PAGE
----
Nurse fixing surgical mask in infection room and preparing for treating corona virus.

Bioethics Forum Essay

Prioritize Health Care Workers for Ventilators? Not So Fast

In places where Covid-19 is increasing – and in preparation for a possible second wave of the pandemic — hospitals are preparing to triage critical resources if necessary. Some are prioritizing health care workers for ventilators. We think this is a mistake.

Ventilator triage guidelines being developed for the Covid-19 crisis primarily aim to “save the most lives” using medical criteria to predict survival resulting from ventilator support, a broadly accepted goal in this context. Policies prioritizing health care workers, including a popular model policy, usually use this status as a tie-breaker, but sometimes to greater effect. Ventilator priority for health care workers has also received support in prominent medical journals such as the New England Journal of Medicine and JAMA, in the popular press, and here in Hastings Bioethics Forum.

While we agree that giving health care workers priority for ventilators has intuitive appeal, the idea is more controversial than it first appears. This is especially so because the workers being prioritized are members of the institutions (i.e., health care systems) in which these policies are drafted and the triage decisions will be implemented.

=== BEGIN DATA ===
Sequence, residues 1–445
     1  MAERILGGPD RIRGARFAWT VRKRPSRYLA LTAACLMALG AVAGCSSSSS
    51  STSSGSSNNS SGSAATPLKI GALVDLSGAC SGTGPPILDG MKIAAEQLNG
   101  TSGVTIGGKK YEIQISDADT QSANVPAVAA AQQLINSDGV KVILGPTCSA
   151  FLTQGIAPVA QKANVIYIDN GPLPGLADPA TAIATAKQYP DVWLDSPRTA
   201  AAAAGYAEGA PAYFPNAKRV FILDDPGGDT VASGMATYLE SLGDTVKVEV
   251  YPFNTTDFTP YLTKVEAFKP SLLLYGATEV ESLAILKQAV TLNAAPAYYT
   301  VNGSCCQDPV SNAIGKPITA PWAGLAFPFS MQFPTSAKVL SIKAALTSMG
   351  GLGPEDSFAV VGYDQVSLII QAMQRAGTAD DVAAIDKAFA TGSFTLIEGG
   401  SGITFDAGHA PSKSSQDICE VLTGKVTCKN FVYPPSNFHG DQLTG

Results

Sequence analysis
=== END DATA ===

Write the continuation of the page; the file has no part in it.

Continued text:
Ethical arguments for prioritizing workers for scarce resources generally appeal to their importance in keeping essential functions running or to reciprocity, each argument relying on a different form of narrow social utility. Neither is sufficient to justify ventilator priority for health care workers in the context of Covid-19. Further, prioritizing health care workers carries risks for other harms.

That health care workers keep essential functions running may justify prioritizing them for preventive efforts, such as personal protective equipment and vaccines, and potentially for early interventions, such as antivirals. But using this narrow social utility argument to justify prioritizing workers for ventilators presumes they will be able to recover and return to work quickly. This does not appear to be the case for those needing a ventilator as a result of SARS CoV-2 infection. 

Some argue that Covid-19’s anticipated long-lasting presence alters this calculation, but expanded time also allows scarcities in both supplies and personnel to be anticipated, planned for, and potentially avoided.  Worldwide and U.S. experience to date (even in the absence of much time for planning) has shown that clinicians and other health care workers can pivot to providing or supporting needed health care services outside their regular skill-set, and many are stepping up to be trained in preparation for the future.  

Appeals to reciprocity also come up short in Covid-19. Under reciprocity, it is right or just for essential workers exposed to high risks to receive priority.  But health care workers are not exceptional here. Many other people are also putting themselves at risk for contracting Covid-19 to help others or to keep society going – bus drivers, police officers, grocery clerks, and other food supply chain workers, to name just a few.  These essential workers are also  at high risk of infection but may be less likely to have the PPE to protect themselves or the work conditions to exercise other precautions against infection. Data are beginning to suggest they are dying at higher rates from Covid-19 than health care workers. Further, not all health care workers contract Covid-19 through their work.